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Roger L. Welton, DVM
Roger L. Welton, DVM, Veterinarian
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Experience:  Licensed Veterinarian, Practice Owner, and Book Author
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Is it safe to breed two dogs that have same father but ...

Resolved Question:

Is it safe to breed two dogs that have same father but different mothers?
Submitted: 7 years ago.
Category: Dog
Expert:  Jane Lefler replied 7 years ago.
Hi Demullin3,

What you are talking about is called inbreeding. Experienced breeders sometimes inbreed to fix an exceptional dog's breed traits in the subsequent puppies. However, while fixing desirable traits you also have a higher chance of having undesirable traits and health problems crop up as a result. This is due to having less of a genetic diversity and having a higher chance of getting a recessive gene for an undesirable trait from both the mom and the dad who were closely related.

It is recommended that if you plan on inbreeding that at least 3 generation of the pedigree be examined in great detail for health problems and undesirable breed traits.

I as a breeder, do not recommend breeding closely related as it does introduce a higher chance of health problems and can result in smaller litter size, and weaker immune systems as well. I'd rather have the genetic diversity of 2 unrelated dogs and healthy puppies than potentially having puppies with breed faults or weakened immune system or other health problems.

I know this is probably not the answer you were looking for, but most breeders will agree with this opinion. If you’d like to read more in inbreeding here is a website with additional info.
www.dogbreedinfo.com/inbreeding.htm

I hope you find this information helpful.
Customer: replied 7 years ago.
Reply to Jane Lefler's Post: Hello, thanks for your reply. so far this info was just standard stuff you can read in any book. I would like to know what makes you say that it is called inbreeding? I understand the inbreeding part with the father being the same with both dogs, but what I'm puzzled about is that the mothers are different and related in no ways. Can you help clarify?
Expert:  Roger L. Welton, DVM replied 7 years ago.
I absolutely concur with this expert's opinion. From a medical prospective, breeding dogs this close in relation increases the development of double recessive genetic disorders in the offspring. That why the royal families of the 18th century Europe had such high incidences of inheritted disease like mental illness, bleeding disorders, and cancer in the young. They practiced inbreeding to keep royal blood pure. What's more, in most cases, their inbreeding was not even as closely related as sharing one parent the same, but from intermarriage between cousins.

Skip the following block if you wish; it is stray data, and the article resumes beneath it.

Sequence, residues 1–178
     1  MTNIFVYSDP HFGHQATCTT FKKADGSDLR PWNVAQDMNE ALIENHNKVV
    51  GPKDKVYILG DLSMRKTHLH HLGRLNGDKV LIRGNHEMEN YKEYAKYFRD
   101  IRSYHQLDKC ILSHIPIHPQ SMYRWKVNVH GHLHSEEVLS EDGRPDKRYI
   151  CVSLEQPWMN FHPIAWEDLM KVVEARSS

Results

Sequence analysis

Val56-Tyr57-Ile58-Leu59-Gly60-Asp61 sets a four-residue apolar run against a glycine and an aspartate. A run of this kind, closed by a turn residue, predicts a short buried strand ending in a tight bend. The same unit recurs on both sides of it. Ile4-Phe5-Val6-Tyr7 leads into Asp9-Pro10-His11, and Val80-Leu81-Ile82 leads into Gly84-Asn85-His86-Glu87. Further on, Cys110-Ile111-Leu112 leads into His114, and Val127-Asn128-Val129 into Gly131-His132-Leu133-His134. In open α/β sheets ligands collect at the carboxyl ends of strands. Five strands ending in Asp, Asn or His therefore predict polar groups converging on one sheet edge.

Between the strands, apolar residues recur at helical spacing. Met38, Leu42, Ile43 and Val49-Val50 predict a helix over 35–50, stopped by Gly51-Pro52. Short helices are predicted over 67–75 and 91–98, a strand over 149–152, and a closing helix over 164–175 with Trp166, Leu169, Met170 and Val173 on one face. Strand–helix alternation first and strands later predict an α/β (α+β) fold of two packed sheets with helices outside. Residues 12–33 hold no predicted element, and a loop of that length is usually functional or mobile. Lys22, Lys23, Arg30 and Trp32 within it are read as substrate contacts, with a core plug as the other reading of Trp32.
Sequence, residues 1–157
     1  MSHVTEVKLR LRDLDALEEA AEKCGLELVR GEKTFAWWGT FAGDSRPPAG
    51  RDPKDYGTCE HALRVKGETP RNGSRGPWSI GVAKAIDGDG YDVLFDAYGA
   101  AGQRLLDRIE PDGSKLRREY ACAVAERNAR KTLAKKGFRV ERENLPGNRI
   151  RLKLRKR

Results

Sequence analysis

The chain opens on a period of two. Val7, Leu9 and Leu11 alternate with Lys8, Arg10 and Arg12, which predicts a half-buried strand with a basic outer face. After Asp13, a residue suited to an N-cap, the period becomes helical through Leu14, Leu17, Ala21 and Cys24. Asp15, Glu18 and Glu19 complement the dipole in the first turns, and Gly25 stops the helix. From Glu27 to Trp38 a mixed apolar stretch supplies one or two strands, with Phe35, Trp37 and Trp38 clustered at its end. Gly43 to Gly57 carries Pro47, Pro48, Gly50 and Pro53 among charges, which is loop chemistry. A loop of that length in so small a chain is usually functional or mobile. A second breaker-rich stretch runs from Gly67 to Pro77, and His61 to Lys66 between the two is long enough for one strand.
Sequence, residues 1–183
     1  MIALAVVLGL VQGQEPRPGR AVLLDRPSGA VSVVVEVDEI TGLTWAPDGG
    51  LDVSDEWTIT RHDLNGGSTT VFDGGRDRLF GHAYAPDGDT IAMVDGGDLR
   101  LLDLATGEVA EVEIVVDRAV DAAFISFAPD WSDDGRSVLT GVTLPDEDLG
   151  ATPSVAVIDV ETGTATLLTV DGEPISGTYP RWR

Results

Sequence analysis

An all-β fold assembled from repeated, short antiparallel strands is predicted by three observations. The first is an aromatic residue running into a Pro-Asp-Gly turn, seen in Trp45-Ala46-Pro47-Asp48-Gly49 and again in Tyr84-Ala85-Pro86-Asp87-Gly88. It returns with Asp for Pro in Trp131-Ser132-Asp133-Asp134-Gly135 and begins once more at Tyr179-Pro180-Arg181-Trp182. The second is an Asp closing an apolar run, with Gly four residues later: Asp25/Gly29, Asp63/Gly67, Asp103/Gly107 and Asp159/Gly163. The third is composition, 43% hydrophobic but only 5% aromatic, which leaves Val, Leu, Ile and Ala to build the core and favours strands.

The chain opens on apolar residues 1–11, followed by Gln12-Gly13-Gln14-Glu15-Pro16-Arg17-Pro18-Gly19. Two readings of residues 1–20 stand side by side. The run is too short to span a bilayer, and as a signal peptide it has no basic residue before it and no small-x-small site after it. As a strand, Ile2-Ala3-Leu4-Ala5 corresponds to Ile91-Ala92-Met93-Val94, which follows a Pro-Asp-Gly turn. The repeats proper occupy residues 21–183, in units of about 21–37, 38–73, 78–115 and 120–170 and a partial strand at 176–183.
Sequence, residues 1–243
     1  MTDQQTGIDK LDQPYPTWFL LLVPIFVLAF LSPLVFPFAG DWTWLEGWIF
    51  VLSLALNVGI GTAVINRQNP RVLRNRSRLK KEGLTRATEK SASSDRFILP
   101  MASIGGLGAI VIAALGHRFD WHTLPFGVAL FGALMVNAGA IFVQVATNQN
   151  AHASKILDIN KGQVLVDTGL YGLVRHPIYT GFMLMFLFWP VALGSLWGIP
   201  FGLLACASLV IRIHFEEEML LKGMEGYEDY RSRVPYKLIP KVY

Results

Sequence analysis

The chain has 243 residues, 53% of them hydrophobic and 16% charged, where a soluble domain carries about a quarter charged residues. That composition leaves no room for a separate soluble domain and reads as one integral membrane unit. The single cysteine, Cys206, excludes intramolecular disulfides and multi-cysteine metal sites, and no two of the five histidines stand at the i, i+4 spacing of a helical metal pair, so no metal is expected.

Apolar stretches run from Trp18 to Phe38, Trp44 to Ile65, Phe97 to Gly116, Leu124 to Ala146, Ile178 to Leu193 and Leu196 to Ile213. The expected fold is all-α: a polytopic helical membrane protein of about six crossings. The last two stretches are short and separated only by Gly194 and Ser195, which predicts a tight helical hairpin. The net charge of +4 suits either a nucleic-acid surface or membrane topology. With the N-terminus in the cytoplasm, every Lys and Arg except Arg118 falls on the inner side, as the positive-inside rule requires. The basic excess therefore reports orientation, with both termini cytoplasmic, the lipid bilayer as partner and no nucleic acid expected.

In dogs, inbreeding results in hip dysplasia, cardiac defects, dislocating knees, cancers in the young, fearfulness and agression, etc. The list goes on and on. Inbreeding weakens a breed, contributes to future offspring having to suffer with these diseases, and hurts the people who have to live with the heartache and expense of treating the dogs with these diseases.

Inbreeding is an unethical and irresponsible practice. It hurts both animals and the people who love them. Please do not breed two dogs with the same parent. In fact, cousins should not even be bred together. Genetic variety promotes the health an well being of a breed. Dogs related in any way should never be bred.
Roger L. Welton, DVM, Veterinarian
Category: Dog
Satisfied Customers: 1403
Experience: Licensed Veterinarian, Practice Owner, and Book Author
Roger L. Welton, DVM and 8 other Dog Specialists are ready to help you
Expert:  Jane Lefler replied 7 years ago.
HiCustomer

On the genetic level, both dogs will have half their genes from the same father. As a result, if there were any genetic dispositions for health problems in the common father, you would have a higher likelyhood of that gene showing up in the puppies of the related mother and father.

This is an example only and I'm using hips for ease in explaination only. It could be a number of conditions. For instance, say the common sire had a recessive gene for bad hips, even though he didn't develop bad hips. Then this recessive gene was passed down to both of his offspring who also do not show signs of bad hips perhaps because both their mothers did not carry a recessive gene for bad hips. When the two dogs are mated, since both carry the gene for bad hips, it is likely that at least a portion of the puppies will develop bad hips as they inherited the gene from both parents instead of just one parent.

In breeding occurs when ever two dogs are bred that are closely related by blood. In this case, half of each dog's DNA comes from the same dog, thus they are half brother and sister.   Of course it would even be more drastic if the dogs were full brother and sister or if one of the dogs was being bred to a mother or father. But regardless, there is a close blood tie between the two dogs and that is considered inbreeding.

I hope this clarifies this for you.

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